Religious conversion for marriage, disconcerting: Allahabad HC

The court referred to the Special Marriage Act as a solution to people professing different faiths

Religious conversion for marriage

The Allahabad High Court allowed a habeas corpus petition in the matter Pooja @ Zoya vs State of Uttar Pradesh and others (HC W.P No. 446 of 2020) on October 8.

The judge observed that, “Though, under the Constitution, a citizen has the right to profess practise or propagate the religion of his / her choice but it is disconcerting that in matrimonial matters one party should change his / her faith to the other's just for the sake of matrimony and nothing more.”

The Single Bench drew a distinction between marriage and religion and said, “Marriage is one thing and religion quite another. If two citizens of India professing different religions wish to marry, it is open to them to do so under the Special Marriage Act, 1954, which is one of the earliest endeavours towards a uniform Civil Code.”

On being asked by the court who the petitioner wanted to stay with, she stated that she wanted to live with her husband. The court while noting that she is a major said, “She has indicated her clear choice to stay with her husband with whom she claims to have married. She is a major and she is free to do so. She is free to stay with whomsoever she wants and go wherever she likes.”

The petitioner had converted to Islam before getting married this year and a petition was filed in the court alleging that she was illegally detained. The Allahabad High Court allowed her petition and ruled that she got married on her own volition and was free to exercise her choice.  

Recently, the Allahabad High Court had dismissed a writ petition filed by a married couple seeking police protection and direction to the respondent family to not interfere in their married life. The woman was a Muslim by birth and the court noted that she converted her religion to Hinduism a month before her marriage. This matter was heard before Justice Mahesh Chandra Tripathi of the Allahabad High Court in Priyanshi @ Km Shamreen and another vs State of Uttar Pradesh and others (W.P [Civ.] No. 14288 of 2020) on September 23, 2020.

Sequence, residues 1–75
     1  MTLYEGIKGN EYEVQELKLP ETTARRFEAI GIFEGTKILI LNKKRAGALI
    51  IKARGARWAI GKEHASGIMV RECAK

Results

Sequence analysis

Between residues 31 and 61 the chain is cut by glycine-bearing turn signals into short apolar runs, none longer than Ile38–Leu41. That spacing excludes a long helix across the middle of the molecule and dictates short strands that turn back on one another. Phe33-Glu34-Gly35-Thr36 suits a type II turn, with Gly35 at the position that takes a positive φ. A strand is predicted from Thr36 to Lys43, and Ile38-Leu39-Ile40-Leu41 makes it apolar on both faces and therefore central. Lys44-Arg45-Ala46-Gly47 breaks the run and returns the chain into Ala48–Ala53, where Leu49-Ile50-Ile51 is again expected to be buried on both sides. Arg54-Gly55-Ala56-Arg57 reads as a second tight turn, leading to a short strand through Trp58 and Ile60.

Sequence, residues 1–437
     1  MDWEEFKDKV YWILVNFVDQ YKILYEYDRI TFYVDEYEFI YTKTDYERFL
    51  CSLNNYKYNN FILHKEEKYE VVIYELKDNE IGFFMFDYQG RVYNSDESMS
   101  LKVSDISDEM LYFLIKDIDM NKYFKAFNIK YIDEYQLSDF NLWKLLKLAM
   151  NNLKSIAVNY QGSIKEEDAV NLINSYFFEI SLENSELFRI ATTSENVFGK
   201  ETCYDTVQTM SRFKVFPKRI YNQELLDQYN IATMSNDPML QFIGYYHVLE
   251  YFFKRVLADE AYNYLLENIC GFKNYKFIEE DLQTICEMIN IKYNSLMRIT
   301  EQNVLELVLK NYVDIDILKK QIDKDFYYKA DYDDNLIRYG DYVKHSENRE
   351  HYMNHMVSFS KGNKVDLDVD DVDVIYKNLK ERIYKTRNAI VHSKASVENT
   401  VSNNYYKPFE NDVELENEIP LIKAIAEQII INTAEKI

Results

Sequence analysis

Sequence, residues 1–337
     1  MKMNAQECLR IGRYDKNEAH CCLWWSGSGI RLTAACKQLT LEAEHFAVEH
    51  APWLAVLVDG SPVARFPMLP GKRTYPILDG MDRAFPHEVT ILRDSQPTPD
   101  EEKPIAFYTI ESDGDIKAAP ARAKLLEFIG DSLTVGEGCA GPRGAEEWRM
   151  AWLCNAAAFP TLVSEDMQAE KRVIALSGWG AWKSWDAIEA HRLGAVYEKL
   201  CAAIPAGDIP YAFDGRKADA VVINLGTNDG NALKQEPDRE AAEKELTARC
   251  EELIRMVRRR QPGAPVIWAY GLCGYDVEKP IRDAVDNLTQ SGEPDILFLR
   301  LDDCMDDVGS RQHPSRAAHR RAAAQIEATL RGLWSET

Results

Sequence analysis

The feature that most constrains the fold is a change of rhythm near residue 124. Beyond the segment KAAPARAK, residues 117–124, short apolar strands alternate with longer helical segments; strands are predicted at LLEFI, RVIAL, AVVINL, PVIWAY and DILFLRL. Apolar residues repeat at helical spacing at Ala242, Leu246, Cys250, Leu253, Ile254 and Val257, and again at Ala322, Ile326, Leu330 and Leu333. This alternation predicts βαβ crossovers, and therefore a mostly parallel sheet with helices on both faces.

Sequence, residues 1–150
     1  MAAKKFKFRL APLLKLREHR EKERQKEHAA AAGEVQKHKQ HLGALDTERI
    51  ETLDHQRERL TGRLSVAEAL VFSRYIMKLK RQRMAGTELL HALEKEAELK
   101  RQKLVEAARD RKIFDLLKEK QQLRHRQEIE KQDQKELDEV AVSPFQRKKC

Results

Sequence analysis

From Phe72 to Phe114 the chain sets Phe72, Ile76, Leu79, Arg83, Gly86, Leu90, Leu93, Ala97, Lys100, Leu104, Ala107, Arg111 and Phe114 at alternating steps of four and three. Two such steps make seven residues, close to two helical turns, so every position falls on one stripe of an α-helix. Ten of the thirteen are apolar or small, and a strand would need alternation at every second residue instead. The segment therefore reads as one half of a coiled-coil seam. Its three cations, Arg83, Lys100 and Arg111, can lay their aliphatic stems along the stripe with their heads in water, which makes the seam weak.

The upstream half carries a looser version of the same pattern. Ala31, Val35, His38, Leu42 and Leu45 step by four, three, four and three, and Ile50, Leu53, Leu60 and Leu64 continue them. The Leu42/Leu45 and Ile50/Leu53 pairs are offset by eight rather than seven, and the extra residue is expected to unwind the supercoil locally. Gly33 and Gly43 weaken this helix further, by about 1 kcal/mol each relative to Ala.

The Single Bench had referred to Noor Jahan Begum @ Anjali Mishra and another vs State of Uttar Pradesh and Others (W.P [Civ.] No. 57068 of 2014) in which, Justice Surya Prakash Kesarwani of the Allahabad High Court had had dismissed a batch of writ petitions filed by a couple to seek protection as they had tied the knot after the woman converted from Hinduism to Islam, and then performed the nikah. The court observed that conversion to Islam solely for marriage, without any real change of belief is neither bonafide nor valid.

Justice Surya Prakash opined that, “A conversion of religion by an individual to Islam can be said to be bonafide if he/she is major and of sound mind and embraces Islam by his/her own freewill and because of his/her faith and belief in the oneness of God (Allah) and prophetic character of Mohamed. If a conversion is not inspired by religion feeling and under gone for its own sake, but is resorted merely with object of creating a ground for some claim of right or as a device adopted for the purpose to avoid marriage or to achieve an object without faith and belief in the unity of God (Allah) and Mohamed to be his prophet, the conversion shall not be bonafide. In case of a religion conversion there should be a change of heart and honest conviction in the tenets of new religion in lieu of tenets of the original religion.”

The order dated October 8, 2020 may be read here:

 

Related:

Secularism or conversion

BJP spokesperson calls consensual marriage ‘love jihad’